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The 'People's Choice' Has the Gift of Gag

The Inside Track | T.J. Simers

April 11, 2004|T.J. Simers

I know this might come as a surprise to some of you, given the emphasis that's usually placed on the positive in sports in this space, but I'm rooting for the guy with "SAP" spelled across his cap and golf shirt, and isn't that appropriate, to keep the pressure on the Choker today until Phil Mickelson gags once again and loses the Masters.

There's no poorer sap in sports, of course, than Mickelson, unless you take into account any free agent who signs with the Clippers.

Mickelson's sheepish smirk after failing again in a major golf tournament has become as much a part of the sport as Tiger Woods' thrusting his fist into the air.

I know everyone is a sucker for a Lifetime movie, but I would remind you that if Ernie Els fails me and Mickelson wins, you're going to have to listen to a syrupy/sappy Jim Nantz talk about the courage Mickelson has shown in winning millions and millions of dollars every year while enduring the pain of never posting a major win. And he'll talk reverently while he says it.

Now I don't buy for a second the TV images of cheering patrons at the Masters urging Mickelson on, as if they really want the Choker to finally win.

"I think without question he's the people's choice," croaked Verne Lundquist on Saturday as Mickelson walked to the 16th green, but I believe Lundquist is mistaken.

I think most people are cheering wildly in the hopes that Mickelson will take the lead into the final round -- setting him up for another great fall.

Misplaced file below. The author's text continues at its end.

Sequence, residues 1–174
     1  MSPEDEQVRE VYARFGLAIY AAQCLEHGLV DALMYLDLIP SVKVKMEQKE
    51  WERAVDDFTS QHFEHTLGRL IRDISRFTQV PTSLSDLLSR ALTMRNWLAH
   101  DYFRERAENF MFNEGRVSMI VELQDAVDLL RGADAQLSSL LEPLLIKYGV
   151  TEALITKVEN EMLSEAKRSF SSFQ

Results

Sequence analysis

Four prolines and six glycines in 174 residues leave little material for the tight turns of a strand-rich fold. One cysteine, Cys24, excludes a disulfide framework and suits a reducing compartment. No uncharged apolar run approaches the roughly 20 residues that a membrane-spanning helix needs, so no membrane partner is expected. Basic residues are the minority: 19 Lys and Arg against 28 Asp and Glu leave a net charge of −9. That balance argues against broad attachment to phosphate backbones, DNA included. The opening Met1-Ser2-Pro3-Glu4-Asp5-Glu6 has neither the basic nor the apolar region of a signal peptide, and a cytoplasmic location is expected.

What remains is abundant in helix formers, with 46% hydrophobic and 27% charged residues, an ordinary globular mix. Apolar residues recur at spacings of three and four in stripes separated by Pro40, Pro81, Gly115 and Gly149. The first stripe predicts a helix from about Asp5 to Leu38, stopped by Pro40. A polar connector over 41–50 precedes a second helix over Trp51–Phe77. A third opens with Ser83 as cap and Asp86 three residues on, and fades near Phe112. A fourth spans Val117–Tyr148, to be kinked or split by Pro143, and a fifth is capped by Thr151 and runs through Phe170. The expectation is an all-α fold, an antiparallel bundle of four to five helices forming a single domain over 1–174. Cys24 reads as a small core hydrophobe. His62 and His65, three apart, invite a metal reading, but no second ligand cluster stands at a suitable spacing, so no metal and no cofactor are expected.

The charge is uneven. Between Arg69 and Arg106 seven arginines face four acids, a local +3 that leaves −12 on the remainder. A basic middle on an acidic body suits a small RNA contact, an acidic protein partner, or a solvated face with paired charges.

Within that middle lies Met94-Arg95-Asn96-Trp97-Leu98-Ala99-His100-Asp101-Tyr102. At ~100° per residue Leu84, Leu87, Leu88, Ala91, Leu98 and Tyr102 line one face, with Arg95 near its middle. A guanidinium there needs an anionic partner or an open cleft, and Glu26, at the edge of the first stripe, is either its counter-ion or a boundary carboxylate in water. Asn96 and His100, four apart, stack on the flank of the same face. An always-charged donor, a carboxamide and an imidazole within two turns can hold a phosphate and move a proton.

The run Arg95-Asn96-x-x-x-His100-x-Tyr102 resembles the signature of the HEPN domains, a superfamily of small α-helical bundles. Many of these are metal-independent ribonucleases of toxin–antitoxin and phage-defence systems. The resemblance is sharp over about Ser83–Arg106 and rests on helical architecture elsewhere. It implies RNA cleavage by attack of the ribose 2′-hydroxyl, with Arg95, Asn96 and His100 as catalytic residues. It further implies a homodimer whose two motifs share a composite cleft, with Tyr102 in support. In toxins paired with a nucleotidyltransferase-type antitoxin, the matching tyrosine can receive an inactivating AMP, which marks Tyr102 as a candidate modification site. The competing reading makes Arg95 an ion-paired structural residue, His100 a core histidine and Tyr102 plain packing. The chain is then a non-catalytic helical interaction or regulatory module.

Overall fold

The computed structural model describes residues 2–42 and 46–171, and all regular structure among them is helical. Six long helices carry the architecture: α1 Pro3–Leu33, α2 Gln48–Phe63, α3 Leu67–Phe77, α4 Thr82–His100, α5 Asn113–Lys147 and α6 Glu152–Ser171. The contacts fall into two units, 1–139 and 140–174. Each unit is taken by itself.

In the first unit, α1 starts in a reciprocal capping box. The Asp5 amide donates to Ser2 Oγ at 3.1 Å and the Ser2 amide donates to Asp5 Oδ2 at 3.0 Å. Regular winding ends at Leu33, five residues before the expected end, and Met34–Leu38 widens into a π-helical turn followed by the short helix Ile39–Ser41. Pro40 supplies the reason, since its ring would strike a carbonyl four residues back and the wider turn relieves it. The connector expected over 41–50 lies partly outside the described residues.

I've never been to an Indy 500, and I would imagine no one says out loud they're hoping for a crash, but deep down I'm pretty sure everyone would agree there really isn't any other reason to watch.

Mickelson has never led, or been tied for the lead, in a major golf tournament entering the final round until now, giving him the chance to cement his image as one of sports' all-time chokers.

Asked about the chance to finally win, Mickelson said all the right things in an interview with CBS, prompting Nantz to gush, "Listen to [the fans] cheering just for the interview, and it's not just in the boundaries of Augusta, but you can feel it everywhere." That's what you're going to get from The Amazing Kreskin today if the Choker hangs tough.

There's no question Mickelson is a nice guy, and you know where they finish. Mickelson will gag, of course, which makes for titillating reality TV, and is why I maintain most of you won't be telling the truth if you say you're pulling for him to win.

Think how much fun you've had watching Mickelson go up in smoke over the years -- maybe most memorably when he defiantly told an interviewer immediately after a major loss that he would continue to play aggressively (and stupidly) no matter what anyone had to say about his game.

I admired those same qualities in Ryan Leaf, throwing into double coverage -- convinced he could squeeze a pass in to a Charger receiver -- when you and I knew that even if he was successful, the Charger receiver was going to drop the ball anyway.